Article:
In Defense of a Strong Executive Branch
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And right now it's time for the TALK OF THE NATION Opinion Page. There's talk in Washington today of a possible compromise on interrogation and detainee rights. Last week a group of prominent Republican senators joined Democrats to speak out against the president's plan to allow for harsh interrogation methods and for prosecution of terrorism suspects in military tribunals. They offered a plan of their own instead.
In an op-ed in Sunday's New York Times former Justice Department Official John Yoo wrote that it's not Congress's role to micromanage the country's day-to-day policy decisions. A strong president, he argued, can confront the difficult choices like these that Congress wants to avoid.
We have a link to his op-ed and to our previous opinion pages at our Web site, the TALK OF THE NATION page at npr.org.
John Yoo is now professor of law at the University of California at Berkeley and former deputy assistant attorney general at the Department of Justice. He's with us from a studio on the campus at the University of California at Berkeley. Nice to talk to you again.
Professor JOHN YOO (University of California at Berkeley): Hi. Thanks for having me back on.
CONAN: And we'll also have somebody with a military viewpoint on this. Retired General Joseph Hoar, former commander in chief of the United States Central Command, who's with us by phone from Del Mar, California. And nice to have you back on the program, General, as well.
General JOSEPH HOAR (Former Commander in Chief, United States Central Command; U.S. Marine Corps, Retired): Thank you.
CONAN: And, John Yoo, what do you mean when you say Congress shouldn't micromanage the executive branch?
Prof. YOO: Well, I think it goes to the very root of why we have an executive in the first place. And the idea was that legislatures are good at passing, you know, broad laws with policy choices made in them. But that legislature, particularly as big as one as our Congress, can't be there to oversee the day-to-day implementation of policy. And that the reason we have an executive branch in part is not just to execute the laws but to also to respond to events and challenges that the laws couldn't anticipate when they were passed.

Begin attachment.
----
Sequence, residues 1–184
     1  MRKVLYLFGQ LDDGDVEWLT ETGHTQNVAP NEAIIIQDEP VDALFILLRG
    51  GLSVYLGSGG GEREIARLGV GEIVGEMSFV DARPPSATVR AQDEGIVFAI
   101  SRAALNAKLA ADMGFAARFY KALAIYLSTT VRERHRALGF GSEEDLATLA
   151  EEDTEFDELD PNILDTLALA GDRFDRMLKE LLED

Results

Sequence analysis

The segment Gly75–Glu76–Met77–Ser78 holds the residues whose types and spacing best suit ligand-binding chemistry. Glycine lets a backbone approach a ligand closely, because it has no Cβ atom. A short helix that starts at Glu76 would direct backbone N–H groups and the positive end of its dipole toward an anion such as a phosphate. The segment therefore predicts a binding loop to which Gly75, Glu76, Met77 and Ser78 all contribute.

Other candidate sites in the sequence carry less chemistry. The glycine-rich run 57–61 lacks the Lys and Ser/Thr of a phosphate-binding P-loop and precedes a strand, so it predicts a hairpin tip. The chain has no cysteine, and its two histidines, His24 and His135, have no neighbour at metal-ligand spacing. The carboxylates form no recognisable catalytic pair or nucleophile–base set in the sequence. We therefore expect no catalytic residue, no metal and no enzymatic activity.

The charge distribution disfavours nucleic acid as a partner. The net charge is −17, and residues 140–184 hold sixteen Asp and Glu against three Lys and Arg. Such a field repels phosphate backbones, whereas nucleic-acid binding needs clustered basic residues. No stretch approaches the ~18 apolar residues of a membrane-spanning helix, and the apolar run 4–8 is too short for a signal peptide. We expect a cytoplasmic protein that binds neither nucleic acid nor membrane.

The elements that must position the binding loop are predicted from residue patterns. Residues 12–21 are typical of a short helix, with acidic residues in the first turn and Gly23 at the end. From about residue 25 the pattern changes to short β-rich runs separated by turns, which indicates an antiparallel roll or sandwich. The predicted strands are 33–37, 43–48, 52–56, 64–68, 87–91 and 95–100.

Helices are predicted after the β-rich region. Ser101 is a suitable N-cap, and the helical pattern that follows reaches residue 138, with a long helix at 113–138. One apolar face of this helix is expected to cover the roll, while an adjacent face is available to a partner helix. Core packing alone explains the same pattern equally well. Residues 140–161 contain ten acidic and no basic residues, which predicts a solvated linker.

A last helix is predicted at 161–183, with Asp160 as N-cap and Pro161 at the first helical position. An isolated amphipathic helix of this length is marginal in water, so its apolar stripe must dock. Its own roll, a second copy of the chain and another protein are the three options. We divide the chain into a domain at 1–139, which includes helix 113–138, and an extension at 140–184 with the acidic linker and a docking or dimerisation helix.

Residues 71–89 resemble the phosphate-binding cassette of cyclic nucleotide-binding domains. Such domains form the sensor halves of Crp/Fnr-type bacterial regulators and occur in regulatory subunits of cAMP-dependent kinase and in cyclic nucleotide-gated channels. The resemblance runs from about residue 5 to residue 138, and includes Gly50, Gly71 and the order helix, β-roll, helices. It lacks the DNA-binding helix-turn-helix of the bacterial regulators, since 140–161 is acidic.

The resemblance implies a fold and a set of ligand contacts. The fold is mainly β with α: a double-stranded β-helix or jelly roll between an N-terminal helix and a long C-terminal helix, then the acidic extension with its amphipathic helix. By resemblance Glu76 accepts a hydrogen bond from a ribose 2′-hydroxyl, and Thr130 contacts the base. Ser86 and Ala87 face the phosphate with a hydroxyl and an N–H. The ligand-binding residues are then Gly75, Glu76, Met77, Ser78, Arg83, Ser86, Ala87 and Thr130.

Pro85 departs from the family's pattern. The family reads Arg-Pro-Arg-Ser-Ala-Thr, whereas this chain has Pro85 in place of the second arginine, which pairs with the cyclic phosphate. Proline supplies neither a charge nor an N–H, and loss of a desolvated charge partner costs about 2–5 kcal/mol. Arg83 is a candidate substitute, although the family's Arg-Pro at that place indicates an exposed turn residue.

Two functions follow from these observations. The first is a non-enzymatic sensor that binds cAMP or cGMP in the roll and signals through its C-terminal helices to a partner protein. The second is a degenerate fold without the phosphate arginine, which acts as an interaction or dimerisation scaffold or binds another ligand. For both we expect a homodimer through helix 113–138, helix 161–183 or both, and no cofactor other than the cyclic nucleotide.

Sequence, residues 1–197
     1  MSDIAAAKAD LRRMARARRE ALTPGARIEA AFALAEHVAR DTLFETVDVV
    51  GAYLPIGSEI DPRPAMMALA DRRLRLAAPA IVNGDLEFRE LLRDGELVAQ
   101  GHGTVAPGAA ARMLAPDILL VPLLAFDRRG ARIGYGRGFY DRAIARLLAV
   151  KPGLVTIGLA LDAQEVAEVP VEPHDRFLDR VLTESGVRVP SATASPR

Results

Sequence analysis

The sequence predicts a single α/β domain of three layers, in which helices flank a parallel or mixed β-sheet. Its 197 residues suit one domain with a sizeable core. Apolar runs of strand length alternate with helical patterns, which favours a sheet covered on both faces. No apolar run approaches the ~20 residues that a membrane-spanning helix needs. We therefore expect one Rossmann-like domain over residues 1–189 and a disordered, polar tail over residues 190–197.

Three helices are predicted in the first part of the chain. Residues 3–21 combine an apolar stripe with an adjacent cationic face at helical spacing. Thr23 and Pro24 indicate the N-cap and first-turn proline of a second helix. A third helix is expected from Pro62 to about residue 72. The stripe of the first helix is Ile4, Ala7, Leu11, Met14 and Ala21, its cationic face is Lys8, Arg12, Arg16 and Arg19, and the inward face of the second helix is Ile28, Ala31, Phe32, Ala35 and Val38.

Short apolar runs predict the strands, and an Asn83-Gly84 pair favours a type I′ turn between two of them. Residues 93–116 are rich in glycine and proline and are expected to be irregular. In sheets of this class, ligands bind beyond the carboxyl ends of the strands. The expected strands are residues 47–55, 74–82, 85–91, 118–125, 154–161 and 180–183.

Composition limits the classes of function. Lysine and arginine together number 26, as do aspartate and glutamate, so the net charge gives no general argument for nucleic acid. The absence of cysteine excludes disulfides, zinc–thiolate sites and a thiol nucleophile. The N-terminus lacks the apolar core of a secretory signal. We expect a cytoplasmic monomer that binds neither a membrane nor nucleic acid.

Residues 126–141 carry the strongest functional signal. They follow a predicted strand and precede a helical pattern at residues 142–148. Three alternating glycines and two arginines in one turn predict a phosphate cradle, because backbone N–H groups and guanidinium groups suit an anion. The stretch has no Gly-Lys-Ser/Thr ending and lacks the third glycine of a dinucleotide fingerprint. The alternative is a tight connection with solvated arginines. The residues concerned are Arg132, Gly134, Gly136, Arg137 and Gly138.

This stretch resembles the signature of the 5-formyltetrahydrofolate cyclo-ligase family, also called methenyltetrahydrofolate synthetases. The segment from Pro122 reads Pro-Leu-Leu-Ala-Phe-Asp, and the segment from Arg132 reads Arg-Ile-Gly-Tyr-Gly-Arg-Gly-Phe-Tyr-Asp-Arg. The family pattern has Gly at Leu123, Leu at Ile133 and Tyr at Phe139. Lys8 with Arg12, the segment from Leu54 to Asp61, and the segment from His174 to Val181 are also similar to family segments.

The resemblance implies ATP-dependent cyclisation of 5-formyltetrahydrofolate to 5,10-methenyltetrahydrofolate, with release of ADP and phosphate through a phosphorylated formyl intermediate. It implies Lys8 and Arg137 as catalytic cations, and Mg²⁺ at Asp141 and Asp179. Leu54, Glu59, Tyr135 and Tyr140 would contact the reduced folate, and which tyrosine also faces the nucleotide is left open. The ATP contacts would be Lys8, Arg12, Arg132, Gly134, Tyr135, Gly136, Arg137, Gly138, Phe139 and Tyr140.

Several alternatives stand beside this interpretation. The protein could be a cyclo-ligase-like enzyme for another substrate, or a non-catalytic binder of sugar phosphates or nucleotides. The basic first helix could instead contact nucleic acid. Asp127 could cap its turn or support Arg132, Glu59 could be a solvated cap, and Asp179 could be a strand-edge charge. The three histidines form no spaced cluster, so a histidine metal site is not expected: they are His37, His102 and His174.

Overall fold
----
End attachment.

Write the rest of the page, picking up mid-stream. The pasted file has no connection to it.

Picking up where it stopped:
A good example of this might be the Foreign Intelligence Surveillance Act, which was passed in 1978 in response to President Nixon and Watergate and his abuse of national security powers to wiretap his political enemies. The FISA law, though, wasn't really apt for the new world of terrorism and for the new technologies that terrorists used against us on 9/11.
And so in those kinds of situations, and wartime is really the one where you see this the greatest, president's powers expand to try to adapt our country's policies and to react to those kinds of emergencies and challenges.
CONAN: And in an emergency I guess I could see your point, but obviously the FISA law was adapted to a certain situation. There's been a long time now, five years, for Congress to write a new law for a new situation.
Prof. YOO: Yeah. I think the problem that we have, at least with the FISA situation, is that what the government did, this NSA program of trying to wiretap communications into and out of the United States involving terrorists. And, you know, to be frank, I worked on that program when I was in the government, according to people like The New York Times news pages.
CONAN: You're not denying their accuracy.
Prof. YOO: I'm not denying it. I mean they were good enough to publish my op-ed. So I think that, you know, there you have a situation where we had this new challenge, the president tried to respond because there was a gap in FISA. And the problem was there was a danger to losing the advantage that our NSA operators had if the president went to Congress and sought a law that would be public. And in justifying the law, you'd have to make public exactly what things the government was doing that needed new authorization.
And so I think that's a real tension that confronts the government. We're - you know, this kind of war relies a lot more on intelligence and information and covert activity than previous wars, and so, you know, we have to be conscious that while we do want to have a full and open debate, we also want to try to protect those secrets that are allowing us to effectively fight.